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Depths of Fear: Knossos

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Depths of Fear: Knossos review
Matt Porter

Review

Good idea, badly executed

Lack of effort


I donít think Iíve ever been so disappointed to find out what a game actually is after reading about the premise. Normally, I try and think of something witty, or at least interesting, to say at the start of a review. However the apparent lack of effort put into Depths of Fear: Knossos is sapping my own creative ability. You play as Theseus, you know the guy: son of Poseidon, slayer of the Minotaur. Well apparently heís stick thin and falls over if insects climb on him.

The goalÖ I think


Maybe it wouldnít be so bad if there was any form of tutorial beyond basic movement and how to light a torch. From what I can tell, you start off in prison for some reason, presumably in Knossos on Crete. You are led out of your cell, taken to King Minos, and then shoved down off a ledge. You land in a pool, told how to jump out of it, and then thatís it. At this point I had to go to the gameís website to find out what type of game it was. Itís a first person adventure game with roguelike elements, by the way.

Even now Iím not entirely sure what the goal is. As far as I can tell you have to enter the labyrinth and kill the minotaur. Next to the pool is a weapon, with a note left by Ariadne saying that this is the only way you will be able to slay it (she fell in love with Theseus after finding out what a wonderfully heroic man he was). However, the blade is sealed behind stone, with eight animal icons around it. Around Knossos are eight dungeons, handily, each with an animal theme, so itís up to you to enter them, collect gold, acquire knowledge (and maybe spend it at a shrine to gain an extra ability like heal), find the key, and escape. I think.

Randomly generated dungeons


The entrance to each dungeon is apparently a black hole which no light can penetrate, especially not the light from your flaming torch, which only illuminates about a few feet in front of you at the best of times. Going through one of these black holes takes you to a small lobby with a weapon rack on one wall, and a bell on the other. Ringing the bell summons Daedalus (creator of the labyrinth), who hilariously appears and leans forward behind a metal grate. He also either has a special system of tunnels, or can teleport, because he appears like this no matter which dungeon you enter. He acts as the shopkeeper, and weapons you purchase from him appear on the opposite wall, so you can take them into the dungeon on each new attempt.

Each dungeon is randomly generated, awfully lit, and filled with monsters. These range from strange, indistinguishable beasts to creatures from myth and legend. Early on you will have nothing to fight with, so you are supposed to be stealthy, turn out your light and hide from beasts. In practice thereís no point ever turning out your light, because if you just run away, the things after you canít really catch up to you. Thereís a stealth system which appears to work in a similar fashion to Skyrimís, only worse, and itís not that great in Skyrim.

Creature from ancient mythology


Some of the creatures you see are recognisable. I saw a centaur which fired arrows at me and ran over to try and trample me. However, since Iím well versed in ancient mythology, I knew that if I just stood next to a wall, it would simply get confused and start running around in circles, sometimes running over my head without causing any damage. The Griffin flapped around and eventually got bored if I ran around a corner. Again, I used my literary knowledge to lure the Hydra into a vase, because I knew that its heads would clip through the geometry and it would get stuck. Medusa was probably the most dangerous of the bunch, she often caught up to me and flailed her arms in the air, meaning I had been turned to stone.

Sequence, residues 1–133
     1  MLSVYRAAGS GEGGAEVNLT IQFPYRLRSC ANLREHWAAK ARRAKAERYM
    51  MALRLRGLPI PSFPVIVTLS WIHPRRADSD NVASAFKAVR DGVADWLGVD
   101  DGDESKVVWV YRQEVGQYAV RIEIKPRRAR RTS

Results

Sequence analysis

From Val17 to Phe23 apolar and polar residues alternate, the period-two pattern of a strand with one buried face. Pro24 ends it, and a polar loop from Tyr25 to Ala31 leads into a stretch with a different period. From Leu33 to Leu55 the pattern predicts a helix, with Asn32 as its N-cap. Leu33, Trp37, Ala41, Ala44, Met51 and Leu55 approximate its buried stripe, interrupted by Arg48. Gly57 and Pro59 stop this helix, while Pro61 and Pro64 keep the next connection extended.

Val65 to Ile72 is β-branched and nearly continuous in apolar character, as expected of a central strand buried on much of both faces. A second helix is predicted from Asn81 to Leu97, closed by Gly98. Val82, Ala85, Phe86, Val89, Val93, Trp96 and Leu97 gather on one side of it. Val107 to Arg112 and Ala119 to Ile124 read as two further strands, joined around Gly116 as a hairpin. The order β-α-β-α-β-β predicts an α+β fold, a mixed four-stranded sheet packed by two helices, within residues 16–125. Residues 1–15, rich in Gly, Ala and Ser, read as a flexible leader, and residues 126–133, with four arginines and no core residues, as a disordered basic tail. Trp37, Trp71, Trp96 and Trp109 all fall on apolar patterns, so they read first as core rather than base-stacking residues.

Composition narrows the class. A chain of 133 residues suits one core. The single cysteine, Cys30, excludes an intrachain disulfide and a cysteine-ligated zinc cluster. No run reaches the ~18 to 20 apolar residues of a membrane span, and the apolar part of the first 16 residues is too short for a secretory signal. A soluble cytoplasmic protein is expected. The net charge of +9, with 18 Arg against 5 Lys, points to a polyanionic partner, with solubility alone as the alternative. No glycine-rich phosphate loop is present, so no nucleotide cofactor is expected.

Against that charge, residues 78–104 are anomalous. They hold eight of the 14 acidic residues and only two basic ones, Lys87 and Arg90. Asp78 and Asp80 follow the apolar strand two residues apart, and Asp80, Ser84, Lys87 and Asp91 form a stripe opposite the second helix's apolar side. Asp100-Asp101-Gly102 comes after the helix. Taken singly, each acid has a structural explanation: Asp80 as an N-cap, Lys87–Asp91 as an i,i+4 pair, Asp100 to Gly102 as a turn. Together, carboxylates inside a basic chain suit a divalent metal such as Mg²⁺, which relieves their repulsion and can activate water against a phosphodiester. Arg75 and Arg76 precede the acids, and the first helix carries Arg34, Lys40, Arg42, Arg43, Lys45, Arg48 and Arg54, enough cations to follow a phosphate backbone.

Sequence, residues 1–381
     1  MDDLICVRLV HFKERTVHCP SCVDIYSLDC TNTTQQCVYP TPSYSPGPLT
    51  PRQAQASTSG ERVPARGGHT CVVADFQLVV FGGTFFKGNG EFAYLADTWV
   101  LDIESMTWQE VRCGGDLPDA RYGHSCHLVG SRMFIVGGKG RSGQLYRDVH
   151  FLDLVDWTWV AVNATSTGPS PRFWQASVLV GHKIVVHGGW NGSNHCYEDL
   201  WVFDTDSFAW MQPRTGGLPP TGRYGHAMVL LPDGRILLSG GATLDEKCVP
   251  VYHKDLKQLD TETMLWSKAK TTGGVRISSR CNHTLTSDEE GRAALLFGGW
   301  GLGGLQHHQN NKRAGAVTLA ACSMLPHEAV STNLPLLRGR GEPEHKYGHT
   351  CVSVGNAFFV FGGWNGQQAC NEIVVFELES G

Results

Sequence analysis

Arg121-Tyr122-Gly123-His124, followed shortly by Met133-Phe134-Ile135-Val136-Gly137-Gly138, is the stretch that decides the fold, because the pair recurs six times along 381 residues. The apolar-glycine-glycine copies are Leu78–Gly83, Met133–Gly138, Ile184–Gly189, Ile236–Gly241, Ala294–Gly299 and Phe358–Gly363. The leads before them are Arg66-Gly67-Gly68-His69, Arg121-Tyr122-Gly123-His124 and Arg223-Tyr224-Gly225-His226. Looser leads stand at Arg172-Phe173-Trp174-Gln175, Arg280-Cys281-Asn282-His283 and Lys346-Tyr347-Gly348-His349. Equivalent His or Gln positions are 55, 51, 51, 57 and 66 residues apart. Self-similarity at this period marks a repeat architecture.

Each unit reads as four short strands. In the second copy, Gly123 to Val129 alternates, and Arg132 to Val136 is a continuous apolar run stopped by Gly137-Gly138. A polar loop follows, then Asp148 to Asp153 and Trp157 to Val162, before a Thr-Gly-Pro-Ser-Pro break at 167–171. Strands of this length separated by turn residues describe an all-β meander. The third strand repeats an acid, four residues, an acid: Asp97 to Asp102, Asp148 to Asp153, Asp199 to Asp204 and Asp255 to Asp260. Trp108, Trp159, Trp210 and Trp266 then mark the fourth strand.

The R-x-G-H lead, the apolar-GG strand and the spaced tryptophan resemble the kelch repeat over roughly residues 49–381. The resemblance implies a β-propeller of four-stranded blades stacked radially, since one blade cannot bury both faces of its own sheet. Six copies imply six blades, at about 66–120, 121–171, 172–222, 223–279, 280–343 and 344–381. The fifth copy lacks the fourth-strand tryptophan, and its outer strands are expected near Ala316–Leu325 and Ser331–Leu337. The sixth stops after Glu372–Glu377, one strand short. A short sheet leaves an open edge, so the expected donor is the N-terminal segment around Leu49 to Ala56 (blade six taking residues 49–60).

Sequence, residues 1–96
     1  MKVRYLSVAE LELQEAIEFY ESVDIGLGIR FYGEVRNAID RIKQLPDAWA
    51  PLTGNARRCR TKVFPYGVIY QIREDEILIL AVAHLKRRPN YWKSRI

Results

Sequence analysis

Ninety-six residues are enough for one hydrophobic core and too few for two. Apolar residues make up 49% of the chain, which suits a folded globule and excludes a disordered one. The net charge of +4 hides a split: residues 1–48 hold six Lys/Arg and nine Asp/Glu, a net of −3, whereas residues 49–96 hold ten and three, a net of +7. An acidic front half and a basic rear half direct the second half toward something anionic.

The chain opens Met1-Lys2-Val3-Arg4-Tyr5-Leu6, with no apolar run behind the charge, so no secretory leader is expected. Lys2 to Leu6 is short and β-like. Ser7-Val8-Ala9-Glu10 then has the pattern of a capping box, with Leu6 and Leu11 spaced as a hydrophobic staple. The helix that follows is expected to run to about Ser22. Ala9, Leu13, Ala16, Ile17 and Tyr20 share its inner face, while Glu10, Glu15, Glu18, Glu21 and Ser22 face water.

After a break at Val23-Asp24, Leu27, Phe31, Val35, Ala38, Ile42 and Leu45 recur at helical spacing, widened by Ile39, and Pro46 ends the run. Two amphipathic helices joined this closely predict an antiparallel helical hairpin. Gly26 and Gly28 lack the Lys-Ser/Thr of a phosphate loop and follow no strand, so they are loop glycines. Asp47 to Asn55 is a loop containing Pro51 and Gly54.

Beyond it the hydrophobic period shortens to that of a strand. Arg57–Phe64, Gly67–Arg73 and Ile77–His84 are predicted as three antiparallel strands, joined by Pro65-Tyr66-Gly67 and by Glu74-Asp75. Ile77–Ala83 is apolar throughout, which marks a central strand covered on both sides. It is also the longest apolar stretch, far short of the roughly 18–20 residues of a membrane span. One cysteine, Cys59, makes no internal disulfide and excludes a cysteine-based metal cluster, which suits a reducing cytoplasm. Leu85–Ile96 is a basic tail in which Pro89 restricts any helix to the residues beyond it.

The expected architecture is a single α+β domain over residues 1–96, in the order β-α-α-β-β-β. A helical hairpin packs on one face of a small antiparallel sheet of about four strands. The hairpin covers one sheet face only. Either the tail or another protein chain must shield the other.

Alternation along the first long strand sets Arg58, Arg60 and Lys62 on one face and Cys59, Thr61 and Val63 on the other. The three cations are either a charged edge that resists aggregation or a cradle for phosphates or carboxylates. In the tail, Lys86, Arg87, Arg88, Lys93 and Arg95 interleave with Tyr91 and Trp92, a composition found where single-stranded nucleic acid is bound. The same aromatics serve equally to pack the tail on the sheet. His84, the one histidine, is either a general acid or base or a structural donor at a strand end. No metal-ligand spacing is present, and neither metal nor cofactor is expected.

Dying strips you of any gold or books you have collected and sends you back to the entrance, from where you can try again in a new randomly generated dungeon. However if you successfully escape, you might be able to buy a weapon. Thatís where the real excitement begins, because then you will be able to monotonously swing your arm in the hope that you are doing anything because thereís no indication youíre hitting an enemy until it falls over and stops moving.

The game looks awful, and doesnít run well, bafflingly. The frame rate hitched even when there wasnít anything else moving on screen. According to the website, it features a ďunique and adaptive soundtrackĒ. What this means is the music gets louder and more intense when you get near an enemy. Iím not particularly sure whatís unique about that. The soundtrack is also ďrecorded with mind-altering 70ís era synthesizersĒ. I think the ancient inhabitants of Crete preferred dubstep rather than synths, but I could be wrong about that.

Few redeeming qualities


I never actually entered the labyrinth or encountered the minotaur, partially because I didnít really know how, but mostly because you canít make me. I might be chastised for not completing the game, but nothing in the labyrinth can be good enough to make up for the rest of the game. Depths of Fear: Knossos holds very few redeeming qualities, however I will give it some credit for the premise. Playing as Theseus and fighting your way through dungeons filled with mythical creatures sounds great. Itís just not here. Also, Daedalus repeatedly made me laugh, which Iím sure wasnít the intention, but we all need a good chuckle now and then.

2.0

fun score

Pros

Daedalus.

Cons

Everything that's not Daedalus.

 
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